Earlier this week here in New Jersey and in the region we marked the one-year anniversary of Superstorm Sandy. The news was filled with stories about how
while much of the shoreline and the communities along the shore have been restored, much work remains. An ad campaign earlier this year proclaimed that New Jersey and its citizens are “stronger than the storm” and featured the rebuilding efforts and the determination of those most affected to not let Sandy be the defining moment in their lives, the moment marking their turn from happy and successful to downtrodden and defeated.
We don’t have to have dealt with Superstorm Sandy, or Katrina, or Irene, Rita, Andrew or Floyd, or any of the tornadoes that flattened Joplin, or Aplington and Parkersburg, or Greensburg or Moore, or the raging Red, Missouri or Mississippi rivers that flooded Midwestern cities, or the fires that burnt wide swaths of California or Arizona, or the Tōhoku earthquake and tsunami, or the various landslides in many regions of India, to know what it’s like to weather a storm.
We all have our own storms to survive. And like the survivors of those high-profile acts of Mother Nature, we pick up the pieces, sweep up the debris, and assemble a new life for ourselves. We know the new life will be different from the old life, and that’s okay, because we also know that the new life may even be better.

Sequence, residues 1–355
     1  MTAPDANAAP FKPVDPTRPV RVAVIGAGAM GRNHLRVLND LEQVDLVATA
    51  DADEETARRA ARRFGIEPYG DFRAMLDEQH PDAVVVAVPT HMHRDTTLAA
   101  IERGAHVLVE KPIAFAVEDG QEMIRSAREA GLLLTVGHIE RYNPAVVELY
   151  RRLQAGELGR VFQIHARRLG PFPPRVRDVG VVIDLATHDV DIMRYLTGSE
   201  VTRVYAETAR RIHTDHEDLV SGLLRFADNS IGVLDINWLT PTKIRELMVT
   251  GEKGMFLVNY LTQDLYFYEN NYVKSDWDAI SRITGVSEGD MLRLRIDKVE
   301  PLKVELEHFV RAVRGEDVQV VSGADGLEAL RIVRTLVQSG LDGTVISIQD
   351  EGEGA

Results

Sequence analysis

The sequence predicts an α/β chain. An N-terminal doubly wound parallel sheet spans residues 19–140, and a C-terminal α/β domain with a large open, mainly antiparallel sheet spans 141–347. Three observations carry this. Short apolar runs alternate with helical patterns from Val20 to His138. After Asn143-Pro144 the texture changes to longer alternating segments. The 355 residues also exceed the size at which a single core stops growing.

We move forward simply because any other choice is unworkable.
But it’s no use going back to yesterday, because
I was a different person then.
~ Lewis Carroll
Your Personal Appraisal
- How much time do you spend talking about your past accomplishments?
- If you let go of your past, how would you feel?
- The future will happen no matter what, how do you want to greet it?
Live Honest, Open and True
As you go about your tasks today, take a few minutes to:
- Make an honest assessment of all the bad things that have happened in your past. No one’s past is perfect, yours is not the exception.
- Open your mind to explore the possibilities of life if you let go of the past that limits your future.
- Recognize that no matter how good life has been to you, you have much left to experience, to give, and to do. If you’ve already found your true calling, resolve to do it better. If you’re searching for your true calling, put together a plan to discover it, because it cannot find you on its own.
Thanks to my reader who suggested this story idea to me. If you have something you’d like me to address, please let me know by email or in the comment box below.